Unfortunately, the digital opportunities for consumers can mean that the information with which they are equipped are not always from reliable sources and, because the internet is the start of most patient journeys, marketing is a chore made ever more burdensome thanks to the profession’s very own ‘fake news’. Another day and another new patient turns up in the chair with unreasonable expectations based on inaccurate data – and managing this problem requires open and honest communication not just in your dental marketing, but in the surgery, too.
Patients rely on your professional integrity when choosing a dental practice and nobody can afford to raise hopes that cannot be fulfilled. In more serious cases, an inappropriate choice can put health at risk and may result in a fitness to practise investigation or even a criminal record.
Earlier this year, a clinical dental technician was struck off for, among other charges, claiming to be a ‘specialist denturist’ in a brochure and declaring he run the ‘most advanced denture clinic in all of Manchester’. As the GDC told him, ‘Your conduct was therefore dishonest.’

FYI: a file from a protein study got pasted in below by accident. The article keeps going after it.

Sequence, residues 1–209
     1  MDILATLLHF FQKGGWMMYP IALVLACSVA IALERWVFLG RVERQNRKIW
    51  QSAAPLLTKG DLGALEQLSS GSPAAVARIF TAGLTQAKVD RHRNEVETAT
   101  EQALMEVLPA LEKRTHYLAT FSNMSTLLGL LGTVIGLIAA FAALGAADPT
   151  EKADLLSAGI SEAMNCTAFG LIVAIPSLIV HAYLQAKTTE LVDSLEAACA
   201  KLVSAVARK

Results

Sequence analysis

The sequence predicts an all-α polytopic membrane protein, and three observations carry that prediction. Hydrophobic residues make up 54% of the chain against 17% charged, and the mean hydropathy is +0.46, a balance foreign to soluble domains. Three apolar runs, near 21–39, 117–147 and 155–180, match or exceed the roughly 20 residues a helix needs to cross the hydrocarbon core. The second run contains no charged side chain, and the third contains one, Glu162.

Alarmingly and despite the regulators clamping down, there remain a number of dental practice websites out there today that persist with claims, such as ‘Dr X is the Best Dentist in London for xxx’, ‘Dr X specialises in xxx’ and ‘We are experts in xxx.’
This is particularly a problem with unsupported or neglected websites where a web designer, not au fait with the regulations that govern dental marketing, may have helped put together content.